Report by Ole Morten Lyng with Edvard Mogstad
On Saturday, 29th September PROUT Norge (Prout Norway) participated in the demonstration they had catalyzed to raise consciousness about the import of soy from Brazil as feed for livestock and fisheries. Approximately 100 participants gathered including members and activists from LAG (Latin American Groups of Norway), NU (Nature and Youth), and Nyt Orientering (New Orientation).
The protest received significant coverage in two major newspapers, Nationen (The Nation) and Aftenposten (Evening Post). Prior to this action on the streets an article by Ole Morten Lyng discussing the topic was widely circulated in various media.
In recent decades, Norwegian agriculture has been portrayed as being an important part of developing the local economy, especially dairy and pork production. Traditionally the feed for livestock has been based on hay or other products grown in Norway. After the development of power feed, fish oil and fish products have been used.
Nowadays however, soy imported from huge farms in the Brazilian savanna of Mato Grosso, comprise 50% of the ingredients in the power feed. The Brazilian soy farms are based on mono culture farming and are very harmful to the environment. Usually the original small farmers, many of whom were native peoples, have been expelled, bought out or otherwise gotten rid of. Many of them now work as seasonal farm hands, more or less in what can be termed as slave conditions. Along the main routes one can find collections of shacks where these people live.
The owners of these farms are normally agro investors who speculate in big farming. They belong to the Brazilian elite, living in the big cities, who control and determine the direction of this socially and economically very divided country. Amagii, the corporation that owns and controls the soy export to Norway also holds majority stock in Denofa, the Norwegian firm that imports the soy.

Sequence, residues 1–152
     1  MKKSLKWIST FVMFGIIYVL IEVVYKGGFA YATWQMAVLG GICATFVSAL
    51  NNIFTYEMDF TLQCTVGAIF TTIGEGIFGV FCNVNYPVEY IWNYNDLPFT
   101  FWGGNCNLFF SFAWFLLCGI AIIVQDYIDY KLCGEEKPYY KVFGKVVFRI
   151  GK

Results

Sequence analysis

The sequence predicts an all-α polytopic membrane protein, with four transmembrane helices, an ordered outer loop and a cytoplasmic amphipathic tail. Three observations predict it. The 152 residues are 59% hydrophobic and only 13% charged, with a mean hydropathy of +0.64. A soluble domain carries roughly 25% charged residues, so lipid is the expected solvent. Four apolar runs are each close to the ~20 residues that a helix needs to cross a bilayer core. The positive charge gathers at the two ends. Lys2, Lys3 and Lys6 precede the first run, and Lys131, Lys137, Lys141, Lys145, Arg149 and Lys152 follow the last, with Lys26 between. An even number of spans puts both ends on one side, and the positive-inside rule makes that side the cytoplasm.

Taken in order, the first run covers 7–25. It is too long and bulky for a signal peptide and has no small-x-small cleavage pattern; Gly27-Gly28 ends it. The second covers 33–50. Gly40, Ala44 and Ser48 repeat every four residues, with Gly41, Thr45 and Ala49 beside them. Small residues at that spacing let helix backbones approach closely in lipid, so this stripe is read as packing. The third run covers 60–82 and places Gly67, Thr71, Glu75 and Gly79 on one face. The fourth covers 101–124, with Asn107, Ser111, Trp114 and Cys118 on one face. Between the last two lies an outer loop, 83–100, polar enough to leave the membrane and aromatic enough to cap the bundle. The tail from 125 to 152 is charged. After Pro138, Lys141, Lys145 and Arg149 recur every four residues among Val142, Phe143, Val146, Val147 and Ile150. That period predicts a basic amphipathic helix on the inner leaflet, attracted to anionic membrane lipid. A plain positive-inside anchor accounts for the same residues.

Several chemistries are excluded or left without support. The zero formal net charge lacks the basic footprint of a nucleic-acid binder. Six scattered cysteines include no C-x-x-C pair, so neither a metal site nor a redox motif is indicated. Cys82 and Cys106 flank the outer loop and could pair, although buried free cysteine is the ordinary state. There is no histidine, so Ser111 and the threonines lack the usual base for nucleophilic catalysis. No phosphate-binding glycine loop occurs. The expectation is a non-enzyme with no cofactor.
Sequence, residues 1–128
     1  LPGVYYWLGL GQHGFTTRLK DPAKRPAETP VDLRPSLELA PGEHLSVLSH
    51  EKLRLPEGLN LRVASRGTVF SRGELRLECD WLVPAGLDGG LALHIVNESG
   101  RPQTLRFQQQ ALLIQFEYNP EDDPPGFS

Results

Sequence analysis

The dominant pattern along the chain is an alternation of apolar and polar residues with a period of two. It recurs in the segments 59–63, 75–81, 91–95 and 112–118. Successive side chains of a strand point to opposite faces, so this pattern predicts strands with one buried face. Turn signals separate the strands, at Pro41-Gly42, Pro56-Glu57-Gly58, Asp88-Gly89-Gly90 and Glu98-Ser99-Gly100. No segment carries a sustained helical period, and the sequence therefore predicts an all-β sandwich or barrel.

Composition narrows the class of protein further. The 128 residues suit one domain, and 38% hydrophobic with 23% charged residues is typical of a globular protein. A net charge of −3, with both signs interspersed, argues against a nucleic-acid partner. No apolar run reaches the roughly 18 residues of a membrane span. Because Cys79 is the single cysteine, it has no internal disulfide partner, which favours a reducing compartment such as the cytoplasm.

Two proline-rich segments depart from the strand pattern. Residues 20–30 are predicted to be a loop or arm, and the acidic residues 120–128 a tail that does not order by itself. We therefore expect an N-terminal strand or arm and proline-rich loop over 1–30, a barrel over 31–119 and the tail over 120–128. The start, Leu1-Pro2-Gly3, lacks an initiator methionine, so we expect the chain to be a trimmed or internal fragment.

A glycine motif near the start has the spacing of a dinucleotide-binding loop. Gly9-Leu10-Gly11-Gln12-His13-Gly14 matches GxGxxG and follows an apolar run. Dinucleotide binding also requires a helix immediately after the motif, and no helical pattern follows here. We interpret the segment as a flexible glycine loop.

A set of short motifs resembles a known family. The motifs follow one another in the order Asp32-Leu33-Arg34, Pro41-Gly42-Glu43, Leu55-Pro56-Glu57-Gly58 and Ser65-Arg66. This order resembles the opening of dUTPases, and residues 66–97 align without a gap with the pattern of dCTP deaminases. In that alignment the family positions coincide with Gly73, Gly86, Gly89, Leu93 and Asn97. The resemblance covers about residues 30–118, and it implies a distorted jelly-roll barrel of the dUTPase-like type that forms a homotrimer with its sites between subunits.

Fish farming is another important area of production that brings great revenues to Norway. In fact it comes as second or third after oil exports. The fish feed also depends on Brazilian soy. The same applies to the fish farming industry as to animal rearing.
For Norwegian agriculture and fish farming to depend on imports from the other side of the world is unacceptable. It is receiving more attention these days and therefore efforts have been initiated to find local alternatives. These efforts need to be intensified and given priority. Norwegian authorities insist that the soy imported complies with Norwegian regulations regarding insecticides, pest control and rain forest destruction. Amaggi insists upon the same. There have been investigative delegations on site in Mato Grosso from Norway, from LAG as well as The Future Is in Our Hands (Framitden i Var Handen), to check for compliance with the regulations. They were allowed to visit the offices of Amaggi but not the individual farms in question.
It’s difficult to guarantee the so-called Norwegian farms are adhering to best environmental practices or whether they comply with Norwegian rules or not. Even if they are, the underlying problem of Norwegian economic self-sufficiency remains. And the status quo only perpetuates a highly unjust agricultural system that harms the local population as well as the environment. Moreover, monocultural faming is a global problem that threatens the planet as a whole.